Tuesday, May 28, 2024

Does IT Need Independent Backup for Google Apps?

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As Google looks to assure potential business customers that its cloud-based suite of applications is a worthy alternative to on-premises solutions, it’s getting help from independent service providers.

One example is Backupify, an online backup, archiving and export service that unveiled support for Google Apps this week.

Cambridge, MA-based Backupify said it automatically backs up all data stored in a user’s Gmail, Google Docs, Google Calendar, Google Contacts and Google Sites account. Google’s (NASDAQ: GOOG) cloud-based system stores users files, but Backupify said its system ensures data won’t be lost by error. Backupify actually leverages another cloud service, Amazon’s storage cloud storage, to backup files.

The backup issue may be of particular interest to small to mid-size businesses using Google Apps that rely on a single administrator to manage the applications and users.

One of Google’s main value propositions for Apps is that they are easier to manage from an IT point of view than traditional on-premises applications. Backupify notes that while a single administrator can manage Google Apps, that person also represents “a single point of failure,” and in many small companies may not be as technically savvy as more experienced IT personnel.

“Just about one third, 32 percent, of all data loss is user error, so we’re not protecting you from Google, but from other people using the platform,” Rob May, founder of Backupify, told InternetNews.com. “For example, what do you do if you have a Google Doc shared by six people and someone accidentally deletes something they didn’t think they needed?”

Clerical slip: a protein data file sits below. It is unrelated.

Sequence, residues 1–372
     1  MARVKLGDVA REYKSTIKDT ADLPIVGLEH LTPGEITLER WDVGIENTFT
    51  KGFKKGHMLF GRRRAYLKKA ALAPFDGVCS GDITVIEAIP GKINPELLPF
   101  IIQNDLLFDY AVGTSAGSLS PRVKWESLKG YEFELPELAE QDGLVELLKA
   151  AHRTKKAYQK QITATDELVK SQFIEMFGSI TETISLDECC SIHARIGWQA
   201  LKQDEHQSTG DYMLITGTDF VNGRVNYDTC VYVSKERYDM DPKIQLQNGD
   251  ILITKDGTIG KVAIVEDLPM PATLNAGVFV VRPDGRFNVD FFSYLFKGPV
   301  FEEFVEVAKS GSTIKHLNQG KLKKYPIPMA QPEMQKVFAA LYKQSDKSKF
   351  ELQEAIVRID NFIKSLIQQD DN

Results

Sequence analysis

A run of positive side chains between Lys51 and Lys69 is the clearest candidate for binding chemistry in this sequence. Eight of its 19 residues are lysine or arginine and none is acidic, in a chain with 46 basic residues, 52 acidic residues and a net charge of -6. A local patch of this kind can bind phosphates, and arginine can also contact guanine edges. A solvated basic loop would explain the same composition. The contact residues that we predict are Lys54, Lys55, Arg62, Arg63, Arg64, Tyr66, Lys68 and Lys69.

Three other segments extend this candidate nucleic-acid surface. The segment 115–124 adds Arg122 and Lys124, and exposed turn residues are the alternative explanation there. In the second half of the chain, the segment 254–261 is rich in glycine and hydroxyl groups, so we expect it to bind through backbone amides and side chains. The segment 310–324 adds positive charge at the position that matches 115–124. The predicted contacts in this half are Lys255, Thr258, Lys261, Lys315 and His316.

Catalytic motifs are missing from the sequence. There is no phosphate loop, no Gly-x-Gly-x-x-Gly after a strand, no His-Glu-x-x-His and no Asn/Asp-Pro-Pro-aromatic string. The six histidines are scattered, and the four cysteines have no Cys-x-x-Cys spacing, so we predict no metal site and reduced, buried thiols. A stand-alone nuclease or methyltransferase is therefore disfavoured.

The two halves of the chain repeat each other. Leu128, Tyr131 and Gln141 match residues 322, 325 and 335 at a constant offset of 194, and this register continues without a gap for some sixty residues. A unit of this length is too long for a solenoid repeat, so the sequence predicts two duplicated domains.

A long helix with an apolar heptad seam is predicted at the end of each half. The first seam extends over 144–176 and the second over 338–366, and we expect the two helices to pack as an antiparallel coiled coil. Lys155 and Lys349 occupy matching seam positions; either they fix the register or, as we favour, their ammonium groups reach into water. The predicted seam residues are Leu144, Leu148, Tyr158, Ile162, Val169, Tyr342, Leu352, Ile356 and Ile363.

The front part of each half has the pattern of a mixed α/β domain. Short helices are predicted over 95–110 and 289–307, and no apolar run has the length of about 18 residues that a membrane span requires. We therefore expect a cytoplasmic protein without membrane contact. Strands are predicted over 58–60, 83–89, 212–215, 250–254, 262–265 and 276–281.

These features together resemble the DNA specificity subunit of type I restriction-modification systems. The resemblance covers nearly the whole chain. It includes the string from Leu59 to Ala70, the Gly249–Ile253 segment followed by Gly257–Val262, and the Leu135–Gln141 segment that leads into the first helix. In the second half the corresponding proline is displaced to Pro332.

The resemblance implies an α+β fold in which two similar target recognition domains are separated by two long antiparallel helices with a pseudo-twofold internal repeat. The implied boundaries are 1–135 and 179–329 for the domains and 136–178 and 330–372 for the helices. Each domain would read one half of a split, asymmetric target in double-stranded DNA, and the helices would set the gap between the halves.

May also said Backupify addresses compliance requirements that some companies have to adhere to that ensure their data isn’t subject to a single point of failure.

The case for online backup

“The way Google operates, all their data is replicated, but the company itself could be considered a single point of failure from a legal perspective,” said May. “And if your Gmail account is hacked it can take a few days to convince Google who you are and get the e-mail back or at some point Google will flush it from their servers.”

May said one of the companies that later invested in Backupify had lost a bunch of Google Docs files because the guy who was administering it for them deleted the files before he left the company. “After that, they got the use case,” May quipped.

Backupify for Google Apps offers three different levels of service and a 30-day free trial.

The Premium package at $59.95 per month, covers 250GB of storage for 50 Google Apps accounts. The other two Backupify options are the Plus package ($29.95/month for 100GB of storage for 25 Google Apps accounts); and the Basic package ($9.95/month for 25GB of storage covering 10 Google Apps accounts).

May said Backupify plans to expand its service over the next several months with backup and archive support for Twitter and other social networks under a single account. “I don’t think of us a backup company, but as a data control and data liberation company,” said May.

David Needle is the West Coast bureau chief at InternetNews.com, the news service of Internet.com, the network for technology professionals.

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